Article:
Ordinary, as Aunt Lydia says, is what you are used to.  Let’s not let this become ordinary.

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Rise of the Isle of the Lost

If a movie is based on a book, the book will always be better.  It’s just a Rule.  So what about when a book is the prequel to a movie?

I always read the book first because it enables me to enjoy both, but I stay away from novelezations at all costs.  Melissa de la Cruz and Descendants managed to find a middle ground: a prequel novel that gave the movie context.  In that way, The Isle of the Lost prepared readers for what came next.  It gave an insight into the characters and their friendship that added layers to the final production.

The movie was a phenomena (despite its gaps in logic).  It was watched by so many people that the second (coming out Friday) is going to air on every channel the Disney corporation owns.  When I heard they were doing another book in between, Return to the Isle of the LostI wasn’t surprised.  I was even excited to see how our heroes fared being, well, the heroes.  And (if you read my post, you know) I hated it because it lacked the darkness and edge that made them Villain Kids.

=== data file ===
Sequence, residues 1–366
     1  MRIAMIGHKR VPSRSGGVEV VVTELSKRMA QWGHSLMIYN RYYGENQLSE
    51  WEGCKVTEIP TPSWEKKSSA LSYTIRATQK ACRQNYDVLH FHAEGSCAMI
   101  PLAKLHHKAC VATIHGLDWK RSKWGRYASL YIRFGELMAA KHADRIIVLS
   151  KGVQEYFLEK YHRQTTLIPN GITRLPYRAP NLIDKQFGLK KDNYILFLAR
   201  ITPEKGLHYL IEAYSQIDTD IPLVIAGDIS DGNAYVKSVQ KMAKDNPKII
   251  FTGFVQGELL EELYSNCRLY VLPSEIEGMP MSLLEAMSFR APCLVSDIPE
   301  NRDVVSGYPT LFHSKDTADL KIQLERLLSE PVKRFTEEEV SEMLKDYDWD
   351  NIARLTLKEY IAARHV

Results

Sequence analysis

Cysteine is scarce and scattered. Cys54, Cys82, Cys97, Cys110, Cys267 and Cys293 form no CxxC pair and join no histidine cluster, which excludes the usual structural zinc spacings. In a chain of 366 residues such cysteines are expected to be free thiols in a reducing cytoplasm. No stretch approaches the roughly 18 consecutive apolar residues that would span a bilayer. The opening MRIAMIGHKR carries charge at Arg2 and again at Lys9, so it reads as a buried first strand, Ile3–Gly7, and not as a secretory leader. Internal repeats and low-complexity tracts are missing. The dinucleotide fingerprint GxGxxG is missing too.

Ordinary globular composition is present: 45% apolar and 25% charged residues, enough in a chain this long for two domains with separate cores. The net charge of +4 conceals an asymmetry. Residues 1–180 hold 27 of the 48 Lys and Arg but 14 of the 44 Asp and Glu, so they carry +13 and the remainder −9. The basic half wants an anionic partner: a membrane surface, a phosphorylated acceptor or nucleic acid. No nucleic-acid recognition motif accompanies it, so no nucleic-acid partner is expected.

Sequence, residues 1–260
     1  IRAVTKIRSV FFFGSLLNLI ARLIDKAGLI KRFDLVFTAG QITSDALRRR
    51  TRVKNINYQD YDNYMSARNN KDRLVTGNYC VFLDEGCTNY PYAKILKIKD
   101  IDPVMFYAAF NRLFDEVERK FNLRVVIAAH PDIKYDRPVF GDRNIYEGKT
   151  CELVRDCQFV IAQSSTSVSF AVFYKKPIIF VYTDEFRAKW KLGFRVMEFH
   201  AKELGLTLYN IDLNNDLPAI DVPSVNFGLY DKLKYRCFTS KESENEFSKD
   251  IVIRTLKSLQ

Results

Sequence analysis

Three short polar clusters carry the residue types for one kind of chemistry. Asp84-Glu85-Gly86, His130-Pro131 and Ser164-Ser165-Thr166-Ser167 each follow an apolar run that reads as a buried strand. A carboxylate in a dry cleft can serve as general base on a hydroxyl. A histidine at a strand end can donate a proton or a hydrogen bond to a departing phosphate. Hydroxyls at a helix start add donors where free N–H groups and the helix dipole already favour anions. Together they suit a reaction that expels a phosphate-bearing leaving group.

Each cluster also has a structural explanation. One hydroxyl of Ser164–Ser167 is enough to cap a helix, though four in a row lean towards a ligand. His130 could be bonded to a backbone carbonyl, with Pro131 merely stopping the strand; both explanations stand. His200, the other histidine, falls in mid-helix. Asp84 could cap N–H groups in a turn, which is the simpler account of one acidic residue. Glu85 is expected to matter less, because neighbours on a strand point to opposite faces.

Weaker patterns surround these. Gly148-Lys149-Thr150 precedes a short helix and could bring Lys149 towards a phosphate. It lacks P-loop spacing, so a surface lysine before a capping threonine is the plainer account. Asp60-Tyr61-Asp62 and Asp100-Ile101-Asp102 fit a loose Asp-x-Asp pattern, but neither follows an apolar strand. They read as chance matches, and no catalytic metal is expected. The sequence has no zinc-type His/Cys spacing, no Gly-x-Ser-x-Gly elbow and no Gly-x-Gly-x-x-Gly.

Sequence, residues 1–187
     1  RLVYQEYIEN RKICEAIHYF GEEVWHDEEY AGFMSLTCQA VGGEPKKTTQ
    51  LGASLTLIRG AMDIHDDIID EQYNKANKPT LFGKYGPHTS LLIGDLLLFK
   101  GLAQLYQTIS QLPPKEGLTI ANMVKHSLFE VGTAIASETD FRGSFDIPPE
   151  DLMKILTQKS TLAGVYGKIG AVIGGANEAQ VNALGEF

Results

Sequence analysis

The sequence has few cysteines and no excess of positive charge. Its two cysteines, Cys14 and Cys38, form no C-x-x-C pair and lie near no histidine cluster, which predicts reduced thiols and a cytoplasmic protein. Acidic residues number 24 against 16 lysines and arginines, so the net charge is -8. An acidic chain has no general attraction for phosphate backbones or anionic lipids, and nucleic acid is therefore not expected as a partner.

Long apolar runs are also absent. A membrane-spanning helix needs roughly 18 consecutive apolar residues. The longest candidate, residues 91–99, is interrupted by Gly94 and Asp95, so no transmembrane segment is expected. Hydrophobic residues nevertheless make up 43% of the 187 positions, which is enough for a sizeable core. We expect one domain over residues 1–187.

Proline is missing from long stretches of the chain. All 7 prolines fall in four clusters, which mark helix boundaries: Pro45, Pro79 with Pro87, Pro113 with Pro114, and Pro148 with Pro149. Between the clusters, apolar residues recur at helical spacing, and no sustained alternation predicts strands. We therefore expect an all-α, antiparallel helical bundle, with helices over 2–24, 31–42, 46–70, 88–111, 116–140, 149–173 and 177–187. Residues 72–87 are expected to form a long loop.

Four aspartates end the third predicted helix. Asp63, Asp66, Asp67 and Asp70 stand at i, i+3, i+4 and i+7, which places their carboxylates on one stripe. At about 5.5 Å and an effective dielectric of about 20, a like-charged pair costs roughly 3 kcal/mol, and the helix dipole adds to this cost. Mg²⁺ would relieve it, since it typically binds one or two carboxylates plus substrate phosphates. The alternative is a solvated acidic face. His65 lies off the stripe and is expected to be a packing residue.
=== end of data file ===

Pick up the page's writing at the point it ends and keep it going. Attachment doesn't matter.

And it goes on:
Rise of the Isle of the Lost did a better job.  It shows Mal’s dark side and dependence on magic as well as the contrast between her and Evie.  It shows Carlos and his terror at the idea of returning to his abusive mother.  It shows Jay’s struggle between rogue and prince as he learns to channel his energy into a new sport instead of thievery.  Basically, if Return to the Isle of the Lost had never existed, this book would be perfect.

It shows every way the Villain Kids have changed and all the ways they haven’t, which is a fine and difficult line to walk in a sequel.

Knowing there were two books between the movies concerned me at first, at the first book (second total) didn’t help.  Reading the new book, however, eased my fears.  The second sets up the movie, especially Mal’s insecurities and Uma’s fury, but ends at a spot where someone could jump in without prior information and still understand what’s going on.